Mayor Alan Arakawa answers some of the most-recently asked questions submitted to his office staff.
Dear Mr. Mayor:
Q: I heard there was a headline in the Maui News that said no more short-term [vacation rental home] licenses are being given for homes on Maui. Is this true? If so when did it become law?
A: No, that is not true, although it might be in the future if the County Council follows the Maui Planning Commission’s recommendation to call for a moratorium on all new short-term vacation rental permits. There is currently a shortage of affordable rental homes for residents, which is why the panel wants to hold off on more short-term accommodations for visitors.
Dear Mayor Arakawa:
Q: It has come to my attention that along Front Street, there are no public recycling receptacles of any kind to deposit recyclable materials in. I realize that money (or lack thereof) is the purported reason for the receptacles not being in place. Is this still the obstacle? If so, we must work around this issue. As the person stated in an “Ask the Mayor” column published early last year, I am willing to purchase receptacles and also participate in the emptying of them. I’m sure many others in the Lahaina community are willing to do so as well. Please let me know if there is any plan to put recycling receptacles on Front Street. If not, we, the community members, will have to do it ourselves. Thank you for your time.
A: Actually, there is recycling taking place along Front Street that has proven to be effective at diverting approximately 95 percent of the HI-5 recyclables by utilizing the existing trash barrels. What you may not be aware of is that each of the 35 historically appropriate wooden oak barrel trash receptacles along Front Street have signs stating “Cans Bottles OK” and the international recycling logo. These barrels are part of an effective beautification program funded by a County Parks grant and run by the Lahaina Restoration Foundation (LRF). The receptacles are “mined” daily by LRF staff and every few hours or so by individuals collecting HI-5 recyclables. Front Street sidewalks are narrow and very crowded with several sets of bike racks and hundreds if not thousands of pedestrians daily; these and other reasons would make it less than ideal to install separate recycling bins. The LRF says the current system has worked remarkably well for numerous years, maintains the visual look of the Historic Districts and requires no additional staff, transportation, funds, equipment or supplies. Once a year, as a service project, volunteers from the Rotary Club of Lahaina Sunrise brush an oil-based finish on the oak barrel trash cans, which has significantly prolonged their life. The LRF also encourages business to “adopt a barrel” and maintain it on a regular basis.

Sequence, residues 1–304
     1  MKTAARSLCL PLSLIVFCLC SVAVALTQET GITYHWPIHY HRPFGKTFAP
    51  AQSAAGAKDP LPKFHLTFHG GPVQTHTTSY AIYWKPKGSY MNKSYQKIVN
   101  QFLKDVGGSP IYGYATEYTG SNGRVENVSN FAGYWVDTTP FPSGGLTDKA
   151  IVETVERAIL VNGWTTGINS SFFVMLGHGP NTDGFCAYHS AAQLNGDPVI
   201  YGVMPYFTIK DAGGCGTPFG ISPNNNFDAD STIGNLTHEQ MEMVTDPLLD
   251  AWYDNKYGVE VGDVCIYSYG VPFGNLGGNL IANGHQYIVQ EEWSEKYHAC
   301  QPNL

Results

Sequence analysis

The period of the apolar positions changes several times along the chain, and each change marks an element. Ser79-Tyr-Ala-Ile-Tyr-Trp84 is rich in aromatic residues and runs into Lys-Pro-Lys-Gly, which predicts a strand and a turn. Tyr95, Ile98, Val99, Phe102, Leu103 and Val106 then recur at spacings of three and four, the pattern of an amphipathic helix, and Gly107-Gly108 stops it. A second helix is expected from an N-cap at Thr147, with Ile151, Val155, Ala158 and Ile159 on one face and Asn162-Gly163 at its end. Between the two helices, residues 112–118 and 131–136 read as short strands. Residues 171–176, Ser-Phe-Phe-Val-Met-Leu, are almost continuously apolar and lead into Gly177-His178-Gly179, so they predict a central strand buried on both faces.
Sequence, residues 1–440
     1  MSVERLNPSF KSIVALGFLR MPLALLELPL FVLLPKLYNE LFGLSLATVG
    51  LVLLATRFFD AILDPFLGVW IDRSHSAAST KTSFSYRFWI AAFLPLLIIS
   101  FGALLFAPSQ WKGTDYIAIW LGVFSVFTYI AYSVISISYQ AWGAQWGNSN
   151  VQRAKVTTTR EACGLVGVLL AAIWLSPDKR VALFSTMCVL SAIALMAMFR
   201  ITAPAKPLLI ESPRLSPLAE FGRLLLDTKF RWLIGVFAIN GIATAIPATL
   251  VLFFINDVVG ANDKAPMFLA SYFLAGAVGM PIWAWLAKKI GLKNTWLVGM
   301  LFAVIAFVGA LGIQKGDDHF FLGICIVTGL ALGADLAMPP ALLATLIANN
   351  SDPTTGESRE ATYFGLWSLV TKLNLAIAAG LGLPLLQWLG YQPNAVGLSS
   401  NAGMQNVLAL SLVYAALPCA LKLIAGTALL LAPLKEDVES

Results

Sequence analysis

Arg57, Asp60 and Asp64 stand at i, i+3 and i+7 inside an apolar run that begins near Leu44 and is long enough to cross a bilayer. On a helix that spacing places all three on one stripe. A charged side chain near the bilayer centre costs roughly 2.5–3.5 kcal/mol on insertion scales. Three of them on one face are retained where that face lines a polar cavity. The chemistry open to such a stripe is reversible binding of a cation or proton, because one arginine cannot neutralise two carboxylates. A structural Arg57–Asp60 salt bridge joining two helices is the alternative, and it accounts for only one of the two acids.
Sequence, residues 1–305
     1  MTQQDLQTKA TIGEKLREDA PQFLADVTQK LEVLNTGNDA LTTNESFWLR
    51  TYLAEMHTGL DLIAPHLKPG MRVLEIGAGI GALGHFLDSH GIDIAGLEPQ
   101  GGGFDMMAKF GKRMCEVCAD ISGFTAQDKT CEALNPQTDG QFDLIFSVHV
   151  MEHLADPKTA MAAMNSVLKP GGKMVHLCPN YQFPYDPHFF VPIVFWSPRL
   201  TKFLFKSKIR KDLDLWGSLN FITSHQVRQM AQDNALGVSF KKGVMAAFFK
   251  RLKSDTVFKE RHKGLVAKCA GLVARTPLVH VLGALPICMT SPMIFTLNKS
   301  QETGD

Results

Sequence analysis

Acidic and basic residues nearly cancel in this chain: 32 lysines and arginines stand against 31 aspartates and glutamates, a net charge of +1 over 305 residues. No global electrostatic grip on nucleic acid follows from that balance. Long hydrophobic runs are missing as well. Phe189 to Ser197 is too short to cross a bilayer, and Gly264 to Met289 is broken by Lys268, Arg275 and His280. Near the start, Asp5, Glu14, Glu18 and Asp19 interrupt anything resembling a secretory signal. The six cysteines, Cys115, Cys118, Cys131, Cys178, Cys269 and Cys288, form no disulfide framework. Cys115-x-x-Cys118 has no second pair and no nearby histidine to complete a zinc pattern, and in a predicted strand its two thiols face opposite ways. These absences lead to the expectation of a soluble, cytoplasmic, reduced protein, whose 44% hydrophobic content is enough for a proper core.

Aloha Mayor Arakawa,
Q: The County conducted a traffic flow study on Mission Street in Wailuku a few years back and it showed an unusually high volume of vehicular traffic. There are ineffective speed bumps allowing traffic to move at a high rate of speed over this two-block stretch of road. There is a two-way stop on Vineyard where the two roads intersect. For the safety of the residents, would it be possible to make this intersection a four-way stop? This could effectively slow traffic and make this area safer for all the old folks and school children who use this street as pedestrians.
A: Based on the traffic flow study you referred to, the speed humps on Mission Street seem to be doing their job of slowing traffic. Engineering staff from the Dept. of Public Works (DPW) have noted that stop signs are not recommended as a means of speed control; they are primarily utilized because of a limited sight distance, or are used to control traffic based on traffic volumes. An unwarranted stop sign, such as in this case, typically results in non-compliance even by otherwise responsible drivers. However, DPW can check the height of the speed humps to make sure they are still within standard height, and monitor the on-street parking of vehicles that can cause unsafe situations for pedestrians when they are forced to walk in the street.
Want to Ask the Mayor?
Submit your questions about County of Maui programs, services, operations or policies to Mayor Alan Arakawa via email:AskTheMayor@mauicounty.gov, phone: 270-7855 or mail: 200 S. High Street, 9th Floor, Wailuku, Hawaii 96793. Questions submitted will be considered for inclusion in the Ask the Mayor column.